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VIDEO REWIND : Old World and New Meet on 'Hester Street'

August 25, 1994|MARK CHALON SMITH

The culture shock faced by Jewish immigrants in New York's Lower East Side near the turn of the century is at the anxious heart of "Hester Street."

Directed by Joan Micklin Silver with a revealing eye for detail, the 1975 movie stars Steven Keats as a tailor eager to leave his Old World Jewish traditions behind as he almost desperately strives for an Americanized make-over. His reinvention, which includes changing his Yiddish name Yekl to Jake, gets rough when Gitl (Carol Kane), his European wife, joins him but is less ready to scrap her traditions.

Every marriage has its troubles, but those faced by Jake and Gitl would test even the most savvy counselor. Jake epitomizes selfishness and vulgarity on the path to a brand new lifestyle, and director Silver, who wrote the screenplay based on the story "Yekl" by Abraham Cahan, uses him as a symbol for all that was brash, hedonistic and egocentric in our culture at the birth of the 20th Century.

It's not always a pretty picture, watching him fall for Mamie (Dorrie Kavanaugh), a flashy dancer, while he ignores the nice-girl Gitl; Silver isn't interested in turning him into a hero. Gitl's the victim-protagonist, and we're suppose to admire her (and we do) as she becomes more estranged from Jake while tenderly holding onto her Orthodox ways.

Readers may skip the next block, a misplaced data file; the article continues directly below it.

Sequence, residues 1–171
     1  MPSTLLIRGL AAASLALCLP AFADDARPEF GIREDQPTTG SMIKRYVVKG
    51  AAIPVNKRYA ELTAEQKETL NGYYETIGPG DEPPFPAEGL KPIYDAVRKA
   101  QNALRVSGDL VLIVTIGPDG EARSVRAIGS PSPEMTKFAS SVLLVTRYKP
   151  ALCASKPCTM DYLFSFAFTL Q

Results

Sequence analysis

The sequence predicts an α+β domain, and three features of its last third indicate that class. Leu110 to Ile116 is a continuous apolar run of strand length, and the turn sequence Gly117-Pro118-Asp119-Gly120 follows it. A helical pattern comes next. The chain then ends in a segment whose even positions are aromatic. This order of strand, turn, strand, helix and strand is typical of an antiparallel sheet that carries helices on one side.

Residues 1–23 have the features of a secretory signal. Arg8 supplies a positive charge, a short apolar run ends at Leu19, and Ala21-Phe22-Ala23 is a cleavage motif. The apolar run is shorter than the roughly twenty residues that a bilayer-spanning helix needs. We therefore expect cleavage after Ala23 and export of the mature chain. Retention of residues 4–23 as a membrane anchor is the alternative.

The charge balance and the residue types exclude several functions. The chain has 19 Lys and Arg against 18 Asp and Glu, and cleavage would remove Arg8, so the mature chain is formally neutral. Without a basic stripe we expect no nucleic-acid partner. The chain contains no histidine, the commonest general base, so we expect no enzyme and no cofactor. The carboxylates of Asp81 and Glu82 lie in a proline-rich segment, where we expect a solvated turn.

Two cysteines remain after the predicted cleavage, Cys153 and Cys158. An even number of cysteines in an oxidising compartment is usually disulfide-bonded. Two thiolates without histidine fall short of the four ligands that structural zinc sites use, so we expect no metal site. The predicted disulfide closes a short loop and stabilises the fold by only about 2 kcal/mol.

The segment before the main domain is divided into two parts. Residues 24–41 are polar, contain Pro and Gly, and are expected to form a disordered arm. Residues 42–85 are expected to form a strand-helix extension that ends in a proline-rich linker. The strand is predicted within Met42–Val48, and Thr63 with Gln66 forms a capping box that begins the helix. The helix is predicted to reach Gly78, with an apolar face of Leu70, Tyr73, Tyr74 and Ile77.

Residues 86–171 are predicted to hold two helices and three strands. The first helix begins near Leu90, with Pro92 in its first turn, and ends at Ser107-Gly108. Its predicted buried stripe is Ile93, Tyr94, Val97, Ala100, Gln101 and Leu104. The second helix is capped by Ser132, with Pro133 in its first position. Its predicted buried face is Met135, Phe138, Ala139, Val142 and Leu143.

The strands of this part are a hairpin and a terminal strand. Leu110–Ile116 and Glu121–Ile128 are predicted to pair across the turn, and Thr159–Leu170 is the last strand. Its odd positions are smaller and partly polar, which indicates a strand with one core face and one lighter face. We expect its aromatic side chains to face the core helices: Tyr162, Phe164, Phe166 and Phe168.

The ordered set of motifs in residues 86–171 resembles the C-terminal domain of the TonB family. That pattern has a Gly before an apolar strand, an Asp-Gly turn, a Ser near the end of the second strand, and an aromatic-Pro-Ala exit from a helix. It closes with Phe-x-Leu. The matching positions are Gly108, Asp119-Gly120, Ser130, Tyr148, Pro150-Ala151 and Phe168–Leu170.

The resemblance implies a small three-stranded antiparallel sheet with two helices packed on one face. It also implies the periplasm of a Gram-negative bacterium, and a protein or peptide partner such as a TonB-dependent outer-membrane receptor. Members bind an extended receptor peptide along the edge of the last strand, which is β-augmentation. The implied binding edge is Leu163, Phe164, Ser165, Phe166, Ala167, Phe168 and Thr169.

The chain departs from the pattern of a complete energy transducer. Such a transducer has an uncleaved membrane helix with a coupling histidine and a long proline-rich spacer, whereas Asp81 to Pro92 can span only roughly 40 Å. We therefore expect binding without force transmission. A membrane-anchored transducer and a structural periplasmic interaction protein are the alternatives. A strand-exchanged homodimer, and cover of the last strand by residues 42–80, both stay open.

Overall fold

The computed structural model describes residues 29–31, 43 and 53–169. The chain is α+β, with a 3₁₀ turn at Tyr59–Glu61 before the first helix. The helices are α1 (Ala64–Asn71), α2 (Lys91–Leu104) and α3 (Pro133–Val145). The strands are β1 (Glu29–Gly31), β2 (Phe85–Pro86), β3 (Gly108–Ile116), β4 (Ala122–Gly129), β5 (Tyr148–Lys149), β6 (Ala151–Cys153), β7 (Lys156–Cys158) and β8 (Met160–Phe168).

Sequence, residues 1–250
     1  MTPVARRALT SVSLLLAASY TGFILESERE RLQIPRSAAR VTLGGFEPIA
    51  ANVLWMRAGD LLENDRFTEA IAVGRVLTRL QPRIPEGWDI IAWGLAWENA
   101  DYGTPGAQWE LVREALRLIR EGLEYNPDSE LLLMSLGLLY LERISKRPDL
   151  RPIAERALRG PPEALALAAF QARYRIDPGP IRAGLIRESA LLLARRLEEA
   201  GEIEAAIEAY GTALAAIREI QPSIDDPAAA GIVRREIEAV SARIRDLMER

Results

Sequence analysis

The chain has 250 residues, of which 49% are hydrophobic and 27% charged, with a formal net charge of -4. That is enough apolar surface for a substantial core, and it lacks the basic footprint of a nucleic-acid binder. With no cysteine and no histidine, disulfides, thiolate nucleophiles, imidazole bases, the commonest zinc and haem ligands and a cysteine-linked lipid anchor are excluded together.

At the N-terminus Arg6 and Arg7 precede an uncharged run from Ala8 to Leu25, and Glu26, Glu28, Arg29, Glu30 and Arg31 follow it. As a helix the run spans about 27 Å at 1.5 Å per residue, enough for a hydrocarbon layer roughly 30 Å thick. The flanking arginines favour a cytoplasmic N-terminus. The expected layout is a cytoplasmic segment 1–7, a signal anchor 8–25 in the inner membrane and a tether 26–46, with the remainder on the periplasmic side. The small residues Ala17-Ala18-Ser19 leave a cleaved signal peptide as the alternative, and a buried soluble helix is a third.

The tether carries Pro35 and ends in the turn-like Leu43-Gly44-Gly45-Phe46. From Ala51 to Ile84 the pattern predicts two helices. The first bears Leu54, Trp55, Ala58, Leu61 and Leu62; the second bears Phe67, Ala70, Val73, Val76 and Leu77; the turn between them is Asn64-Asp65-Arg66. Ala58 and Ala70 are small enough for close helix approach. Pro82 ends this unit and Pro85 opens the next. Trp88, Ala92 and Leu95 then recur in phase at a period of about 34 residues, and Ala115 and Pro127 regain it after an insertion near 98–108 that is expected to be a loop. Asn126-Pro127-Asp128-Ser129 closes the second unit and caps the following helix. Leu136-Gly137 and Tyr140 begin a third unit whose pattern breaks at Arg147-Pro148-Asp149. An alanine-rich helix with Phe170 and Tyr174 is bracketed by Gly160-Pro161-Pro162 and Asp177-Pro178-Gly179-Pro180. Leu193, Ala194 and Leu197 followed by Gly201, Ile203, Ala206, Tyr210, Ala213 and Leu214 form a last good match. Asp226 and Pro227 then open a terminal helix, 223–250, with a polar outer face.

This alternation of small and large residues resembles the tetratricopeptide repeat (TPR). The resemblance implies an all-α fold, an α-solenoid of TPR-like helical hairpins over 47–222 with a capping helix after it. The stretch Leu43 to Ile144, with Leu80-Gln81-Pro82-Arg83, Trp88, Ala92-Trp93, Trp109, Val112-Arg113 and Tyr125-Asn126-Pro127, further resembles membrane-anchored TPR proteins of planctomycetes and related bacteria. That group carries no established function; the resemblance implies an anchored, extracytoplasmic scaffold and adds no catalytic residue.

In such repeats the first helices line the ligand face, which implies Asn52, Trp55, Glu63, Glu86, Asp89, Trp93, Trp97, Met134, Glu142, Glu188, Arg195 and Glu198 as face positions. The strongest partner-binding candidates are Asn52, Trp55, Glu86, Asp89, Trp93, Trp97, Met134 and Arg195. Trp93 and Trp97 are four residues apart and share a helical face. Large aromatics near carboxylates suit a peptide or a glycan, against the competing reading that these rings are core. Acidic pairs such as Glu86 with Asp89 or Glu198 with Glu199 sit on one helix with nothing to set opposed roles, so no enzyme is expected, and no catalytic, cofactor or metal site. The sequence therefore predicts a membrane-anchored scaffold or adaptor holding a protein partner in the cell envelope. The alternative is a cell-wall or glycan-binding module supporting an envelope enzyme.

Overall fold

Silver could have used more irony to describe the heartbreak and hope at "Hester Street's" core, but she is still able to tell the story in an intriguing and relatively unsentimental style. The film also looks authentic in its re-creation of a hectic city and era, from the grimy Lower East Side streets to the period costumes.

Besides, Kane is appealing in her complex role. It's not exceptional acting, but it is a better-than-average performance that relies on Kane's customary ability to trade on her innate vulnerability.

"Hester Street" (1975), directed by Joan Micklin Silver. 92 minutes. Rated PG.

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